This story was first published in The Bee on Aug. 6, 2006.
I should know better. I'm a 50-something guy whose life is just starting to ease up -- my kids are leaving almost as fast as my hair.
Why in the world would I backpack 77 miles in the Sierra Nevada and sleep on the ground every night for more than a week? I don't know, but I'm hoping to find clarity when the Motrin kicks in.
Truth is, I had given up on the dream of walking and writing about a massive chunk of the John Muir Trail. I had been hankering to do it since 1995 when I walked up to the top of Mount Whitney.
That hike somehow distilled my thinking. Moving to the rhythm of nature, I wound up in a place I hadn't been since a season much earlier in my life: the depth of my own soul.
The idea of writing more about that experience had been buried a long time. Then cohort Diana Marcum somehow hot-wired my undead dream this year.
Now I can't wipe the smile off my face. Photographer Mark Crosse and I will be backpacking mostly in northern Kings Canyon National Park. We'll pass right by the glacier where the frozen World War II airman was found last fall. Cool.
But let's get real here. I will not carry 45 pounds on my back. Anytime you backpack for more than a week, you have to carry a lot of food and stuff. Food and stuff equal weight. I sweat weight.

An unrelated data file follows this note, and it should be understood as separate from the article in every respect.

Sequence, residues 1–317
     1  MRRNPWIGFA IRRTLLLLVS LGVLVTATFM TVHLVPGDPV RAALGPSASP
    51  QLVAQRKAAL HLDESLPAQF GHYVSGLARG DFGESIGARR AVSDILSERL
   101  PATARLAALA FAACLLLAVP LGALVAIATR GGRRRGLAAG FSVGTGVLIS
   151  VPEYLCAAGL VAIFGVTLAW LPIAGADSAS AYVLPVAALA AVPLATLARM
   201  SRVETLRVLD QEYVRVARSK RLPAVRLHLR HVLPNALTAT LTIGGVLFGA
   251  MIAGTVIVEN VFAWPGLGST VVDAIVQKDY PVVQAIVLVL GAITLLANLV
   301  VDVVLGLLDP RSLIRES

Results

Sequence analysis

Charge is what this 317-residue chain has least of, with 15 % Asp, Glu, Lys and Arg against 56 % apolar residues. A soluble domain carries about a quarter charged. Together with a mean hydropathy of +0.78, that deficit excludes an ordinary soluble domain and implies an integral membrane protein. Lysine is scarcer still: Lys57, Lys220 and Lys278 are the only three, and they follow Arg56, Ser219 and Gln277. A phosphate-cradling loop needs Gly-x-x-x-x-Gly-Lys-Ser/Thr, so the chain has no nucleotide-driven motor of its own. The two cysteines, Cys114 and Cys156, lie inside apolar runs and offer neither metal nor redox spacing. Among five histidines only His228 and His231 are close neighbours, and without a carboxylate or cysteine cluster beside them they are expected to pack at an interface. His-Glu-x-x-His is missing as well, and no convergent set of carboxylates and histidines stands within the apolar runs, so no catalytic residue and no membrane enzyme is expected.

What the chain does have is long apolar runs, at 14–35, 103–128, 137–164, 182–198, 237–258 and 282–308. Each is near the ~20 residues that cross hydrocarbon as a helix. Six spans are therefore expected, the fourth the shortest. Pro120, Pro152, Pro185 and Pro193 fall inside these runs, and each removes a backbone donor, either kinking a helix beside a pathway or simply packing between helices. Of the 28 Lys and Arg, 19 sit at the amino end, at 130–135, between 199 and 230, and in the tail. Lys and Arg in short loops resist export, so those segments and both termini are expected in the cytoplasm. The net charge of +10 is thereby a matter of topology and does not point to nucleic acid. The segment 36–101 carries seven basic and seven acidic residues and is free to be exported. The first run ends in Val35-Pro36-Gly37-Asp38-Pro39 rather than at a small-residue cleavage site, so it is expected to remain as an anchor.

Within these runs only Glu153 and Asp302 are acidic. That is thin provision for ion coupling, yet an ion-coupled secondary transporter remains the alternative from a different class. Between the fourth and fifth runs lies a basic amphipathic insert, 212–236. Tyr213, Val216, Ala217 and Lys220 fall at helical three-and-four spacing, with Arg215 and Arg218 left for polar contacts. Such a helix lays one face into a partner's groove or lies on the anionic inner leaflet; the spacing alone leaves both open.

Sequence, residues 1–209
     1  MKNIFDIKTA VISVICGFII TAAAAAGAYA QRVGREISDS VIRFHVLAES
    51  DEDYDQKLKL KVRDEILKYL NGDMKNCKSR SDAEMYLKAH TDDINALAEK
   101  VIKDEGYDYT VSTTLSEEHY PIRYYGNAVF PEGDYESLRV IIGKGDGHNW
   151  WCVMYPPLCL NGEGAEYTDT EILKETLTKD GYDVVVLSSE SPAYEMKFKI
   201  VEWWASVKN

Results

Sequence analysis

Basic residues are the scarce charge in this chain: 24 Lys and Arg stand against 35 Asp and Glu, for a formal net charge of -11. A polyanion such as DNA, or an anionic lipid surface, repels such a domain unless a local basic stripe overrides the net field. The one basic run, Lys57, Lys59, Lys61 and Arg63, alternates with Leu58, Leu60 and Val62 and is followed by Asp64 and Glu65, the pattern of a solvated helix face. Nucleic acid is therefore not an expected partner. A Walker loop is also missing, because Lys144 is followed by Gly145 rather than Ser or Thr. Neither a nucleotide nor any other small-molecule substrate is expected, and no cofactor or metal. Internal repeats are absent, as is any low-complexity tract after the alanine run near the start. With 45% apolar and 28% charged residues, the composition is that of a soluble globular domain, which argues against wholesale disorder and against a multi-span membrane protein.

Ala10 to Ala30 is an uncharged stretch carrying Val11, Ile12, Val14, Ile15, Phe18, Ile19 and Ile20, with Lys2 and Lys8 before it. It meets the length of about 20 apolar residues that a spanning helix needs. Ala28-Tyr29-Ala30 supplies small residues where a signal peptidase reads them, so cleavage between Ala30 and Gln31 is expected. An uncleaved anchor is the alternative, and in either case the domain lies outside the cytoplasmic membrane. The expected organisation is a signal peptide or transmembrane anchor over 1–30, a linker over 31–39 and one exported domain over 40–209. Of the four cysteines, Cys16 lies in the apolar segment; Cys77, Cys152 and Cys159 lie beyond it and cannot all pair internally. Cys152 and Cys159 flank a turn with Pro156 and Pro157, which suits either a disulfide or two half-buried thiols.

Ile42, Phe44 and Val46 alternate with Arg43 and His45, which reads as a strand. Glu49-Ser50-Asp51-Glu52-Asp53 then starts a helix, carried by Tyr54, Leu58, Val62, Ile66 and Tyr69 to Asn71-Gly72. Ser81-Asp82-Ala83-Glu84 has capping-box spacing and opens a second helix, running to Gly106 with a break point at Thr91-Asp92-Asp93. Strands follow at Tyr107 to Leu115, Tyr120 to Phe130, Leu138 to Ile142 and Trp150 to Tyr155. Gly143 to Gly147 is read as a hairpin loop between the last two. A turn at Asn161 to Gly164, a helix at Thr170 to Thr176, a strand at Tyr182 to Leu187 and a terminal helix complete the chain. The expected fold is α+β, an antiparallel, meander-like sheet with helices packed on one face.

Thus began a quest within the Muir Trail quest: to lighten up.
I filled my backpack at home with my camping stuff, tossed it in my Honda, drove to work and lugged it across the parking lot, nodding to curious colleagues.
"You headed to the lake to go fishing?" one asked.
"Nope, I'm going to the postal scales in our mail room to go weighing, " I answered.
I went postal.
I trimmed 48 ounces -- three pounds -- just by replacing my old Boy Scout-era external frame backpack with one of those modern, lightweight marvels.
Next was my fleece jacket. It weighed 14.9 ounces. Gone. I'll stick with my down jacket (20 ounces, but wonderfully toasty on cool evenings). I used to carry both jackets, but now I'll go for warmth all the way.
I was down almost four pounds.
My old one-person tent is 3 pounds, 3.1 ounces. Lighter than many premature babies. It weighs almost a half-pound less than advertised. Sweet. Sometimes old equipment still works well.
But out with the clunky cooking gear and another 30 ounces. In with a 3.25-ounce stove, an 11-ounce water filter and a 4.8-ounce titanium pot/cup.
As the ounces melted away, I felt some of the same load shifting in my own life. My daughter was married in April. My older son is studying in China. I might lose my father to cancer.
Now, more than ever, the John Muir Trail beckons as a season in life gradually changes for me.
All I need now are freeze-dried dinners and plastic sacks. Boil water, pour in the freeze-dried whatever and ta-da! A feast.
Who am I kidding? I'll be comatose in four days on that diet. I'll be talking to animals that no one else sees.
Better throw in a fresh, light pair of synthetic hiking shorts. I'm hoping I look presentable when the rescue helicopter arrives.